It’s a tough question: How old should my child be before they can decide who they want to live with after their parents get divorced? In most cases, your child will be able to choose which parent they want to live with when they’re 14 or older. However, there are some exceptions where a judge might decide that your child isn’t old enough for this decision or that it’s in their best interests for them to remain with one parent instead of the other. Sarong your case with an experienced child custody attorney will definitely help and give you a better understanding of your case.
In most cases, yes.
In most cases, yes. But there are some important exceptions.
If your child is 12 years old or older, then the court will consider the wishes of your child and make a decision based on those wishes alone if they want to live with you rather than the other parent. In this case, it doesn’t matter what’s in the best interests of your child; all that matters is what he or she wants (with some exceptions).
If your child is younger than 12 years old, then his/her wishes will be given less weight by judges when determining where he/she should live after divorce. In addition to considering what’s best for him/her overall welfare (which includes things like emotional needs), judges also look at whether one parent has been abusive towards him/her while living together before separating; if so then courts may decide against giving too much weight towards any particular desire expressed by young children who have experienced abuse!
However, there are some exceptions to that rule.
However, there are some exceptions to that rule. If one parent has a drug problem or mental illness that makes them unsafe for the child to be around, then it’s possible for the other parent to request sole custody of their children.
In addition, if one parent is abusive or neglectful and refuses help from the other parent in order to improve their parenting skills, then they may be denied visitation rights by a court.
Finally–and this can be tricky–if one parent has bad credit or criminal history (including domestic violence), this may give rise to an argument about who should have primary custody of your kids
The court will try to make sure that both parents have an equal opportunity to raise their children.
When a child’s parents are getting divorced, the court will try to make sure that both parents have an equal opportunity to raise their children. The court is concerned with the best interests of the child, not what either parent wants or prefers.
The judge will consider your son’s wishes but will not allow him to make major decisions about where he lives and who he lives with unless there are special circumstances involved–for example, if he has been abused by one parent or another (or both). In general terms:
- If one parent wants full custody and sole decision-making authority over where you live while they share joint legal custody with this other parent (who may be referred to as “your stepfather,” even though he isn’t actually related), then she/he must prove that allowing co-parenting would cause serious harm before winning sole physical custody rights over yours truly! Reach out to a family law attorney today for more detailed information on this type of scenario.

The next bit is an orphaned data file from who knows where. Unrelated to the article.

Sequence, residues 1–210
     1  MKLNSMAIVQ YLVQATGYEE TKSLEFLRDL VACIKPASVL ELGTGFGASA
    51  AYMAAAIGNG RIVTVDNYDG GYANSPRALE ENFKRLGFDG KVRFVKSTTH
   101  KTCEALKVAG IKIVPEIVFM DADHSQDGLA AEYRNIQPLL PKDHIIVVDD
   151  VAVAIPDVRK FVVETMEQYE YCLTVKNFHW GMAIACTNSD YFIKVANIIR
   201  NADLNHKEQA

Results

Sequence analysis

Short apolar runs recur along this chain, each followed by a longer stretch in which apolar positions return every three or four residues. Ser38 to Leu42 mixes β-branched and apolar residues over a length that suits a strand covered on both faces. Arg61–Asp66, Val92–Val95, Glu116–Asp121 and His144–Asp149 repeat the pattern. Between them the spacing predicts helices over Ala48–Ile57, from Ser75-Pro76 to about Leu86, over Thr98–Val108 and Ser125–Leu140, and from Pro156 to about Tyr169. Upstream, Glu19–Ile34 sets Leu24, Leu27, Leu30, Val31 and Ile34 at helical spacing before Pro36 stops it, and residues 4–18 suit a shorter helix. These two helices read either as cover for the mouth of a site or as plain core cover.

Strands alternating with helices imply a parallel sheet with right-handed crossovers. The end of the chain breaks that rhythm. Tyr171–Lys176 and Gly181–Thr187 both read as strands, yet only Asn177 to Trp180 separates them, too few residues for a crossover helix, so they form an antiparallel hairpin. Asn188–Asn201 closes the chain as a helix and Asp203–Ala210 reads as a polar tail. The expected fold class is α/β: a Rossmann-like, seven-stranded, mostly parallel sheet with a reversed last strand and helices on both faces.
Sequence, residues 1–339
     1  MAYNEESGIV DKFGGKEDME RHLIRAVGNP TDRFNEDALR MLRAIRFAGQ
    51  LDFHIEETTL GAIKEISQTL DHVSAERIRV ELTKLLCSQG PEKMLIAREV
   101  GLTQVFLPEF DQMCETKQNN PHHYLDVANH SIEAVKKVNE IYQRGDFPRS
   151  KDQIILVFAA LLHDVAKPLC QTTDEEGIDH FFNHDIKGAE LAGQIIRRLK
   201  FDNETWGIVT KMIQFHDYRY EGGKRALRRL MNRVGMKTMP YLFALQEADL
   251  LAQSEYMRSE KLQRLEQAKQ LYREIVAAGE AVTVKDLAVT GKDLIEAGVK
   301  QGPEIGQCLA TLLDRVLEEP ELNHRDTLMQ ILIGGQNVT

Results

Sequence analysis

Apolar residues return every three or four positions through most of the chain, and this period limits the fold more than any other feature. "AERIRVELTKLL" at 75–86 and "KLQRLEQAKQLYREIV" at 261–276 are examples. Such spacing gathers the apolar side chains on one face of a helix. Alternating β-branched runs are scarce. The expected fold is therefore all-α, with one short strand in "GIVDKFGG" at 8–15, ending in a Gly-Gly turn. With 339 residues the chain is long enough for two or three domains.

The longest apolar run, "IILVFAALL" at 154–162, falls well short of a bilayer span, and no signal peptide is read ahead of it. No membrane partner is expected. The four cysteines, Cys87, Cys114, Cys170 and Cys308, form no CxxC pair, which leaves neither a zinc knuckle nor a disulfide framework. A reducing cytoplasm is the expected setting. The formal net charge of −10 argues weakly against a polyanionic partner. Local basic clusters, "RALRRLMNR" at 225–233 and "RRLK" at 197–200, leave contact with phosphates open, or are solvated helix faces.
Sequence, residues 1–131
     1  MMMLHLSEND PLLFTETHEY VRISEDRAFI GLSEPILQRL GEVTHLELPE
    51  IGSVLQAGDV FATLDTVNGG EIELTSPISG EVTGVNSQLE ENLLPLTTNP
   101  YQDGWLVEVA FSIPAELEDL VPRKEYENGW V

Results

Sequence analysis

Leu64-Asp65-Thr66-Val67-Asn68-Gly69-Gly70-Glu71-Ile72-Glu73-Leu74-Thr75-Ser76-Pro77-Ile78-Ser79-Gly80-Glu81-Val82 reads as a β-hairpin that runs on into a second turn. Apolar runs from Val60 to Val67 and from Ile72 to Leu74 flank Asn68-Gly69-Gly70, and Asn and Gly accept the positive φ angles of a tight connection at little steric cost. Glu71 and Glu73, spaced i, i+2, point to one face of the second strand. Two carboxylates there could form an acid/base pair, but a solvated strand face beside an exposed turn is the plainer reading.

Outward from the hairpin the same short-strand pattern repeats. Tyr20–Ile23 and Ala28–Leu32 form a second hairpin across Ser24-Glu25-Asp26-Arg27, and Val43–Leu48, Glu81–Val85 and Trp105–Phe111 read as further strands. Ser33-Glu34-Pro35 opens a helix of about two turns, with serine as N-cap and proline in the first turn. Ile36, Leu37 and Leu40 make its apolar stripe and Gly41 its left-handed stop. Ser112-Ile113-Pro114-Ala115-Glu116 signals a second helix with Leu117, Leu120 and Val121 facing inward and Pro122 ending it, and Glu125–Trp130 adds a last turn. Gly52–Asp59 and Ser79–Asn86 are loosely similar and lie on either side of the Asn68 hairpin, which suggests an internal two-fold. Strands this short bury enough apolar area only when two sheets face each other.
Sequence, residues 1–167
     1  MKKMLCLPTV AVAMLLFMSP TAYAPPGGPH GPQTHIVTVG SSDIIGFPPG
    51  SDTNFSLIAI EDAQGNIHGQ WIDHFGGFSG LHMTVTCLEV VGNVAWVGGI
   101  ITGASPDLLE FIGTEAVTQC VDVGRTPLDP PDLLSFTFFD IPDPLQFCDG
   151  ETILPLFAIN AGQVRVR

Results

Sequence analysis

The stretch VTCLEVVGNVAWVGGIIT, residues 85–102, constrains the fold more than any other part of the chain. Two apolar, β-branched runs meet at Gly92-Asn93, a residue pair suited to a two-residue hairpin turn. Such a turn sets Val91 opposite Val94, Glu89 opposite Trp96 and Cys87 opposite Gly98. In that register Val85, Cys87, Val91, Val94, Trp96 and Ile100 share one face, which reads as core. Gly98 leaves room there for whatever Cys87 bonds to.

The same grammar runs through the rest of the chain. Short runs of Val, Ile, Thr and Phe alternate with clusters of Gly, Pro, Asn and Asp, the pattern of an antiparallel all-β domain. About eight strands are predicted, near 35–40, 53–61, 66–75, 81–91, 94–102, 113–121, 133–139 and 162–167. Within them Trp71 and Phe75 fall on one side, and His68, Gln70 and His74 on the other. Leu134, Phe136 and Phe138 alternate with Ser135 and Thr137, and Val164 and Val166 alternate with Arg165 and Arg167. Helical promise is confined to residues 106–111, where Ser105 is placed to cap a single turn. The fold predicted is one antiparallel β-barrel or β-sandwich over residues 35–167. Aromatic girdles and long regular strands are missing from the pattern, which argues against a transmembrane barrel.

In some situations, one parent might be granted more custody time than the other parent.
In some situations, one parent might be granted more custody time than the other parent. This can happen when:
- The child’s wishes are different from those of their parents.
- There are special circumstances that affect the child’s best interests (for example, if one parent has been abusive or neglectful).
All factors will be considered when making these decisions about your children’s custody and visitation schedules.
When determining custody and visitation schedules, all factors will be considered. These include:
- The child’s wishes (if they are old enough to make a decision)
- The child’s age and developmental stage
- The lifestyle of each parent, including their ability to provide for the emotional needs of your children in a way that honors their individuality
- Your relationship with each other as parents, as well as your relationships with other family members in your children’s lives; this includes whether or not you are able to work together as parents and communicate effectively with one another on behalf of your kids
Your child can make important decisions about his or her future after a divorce from you or your spouse is final
Your child can make important decisions about his or her future after a divorce from you or your spouse is final. Your child’s rights include:
- deciding who they want to live with
- choosing where they want to go to school
- choosing what activities they want to participate in, including extracurricular activities and religious practices
Your child may also have the right to receive information about both parents, such as their medical records or financial status.
We hope that this article has helped you understand how your child can make important decisions about his or her future after a divorce from you or your spouse is final. The court will try to make sure that both parents have an equal opportunity to raise their children. In some situations, one parent might be granted more custody time than the other parent. All factors will be considered when making these decisions about your children’s custody and visitation schedules. Contact an experienced child custody lawyer today!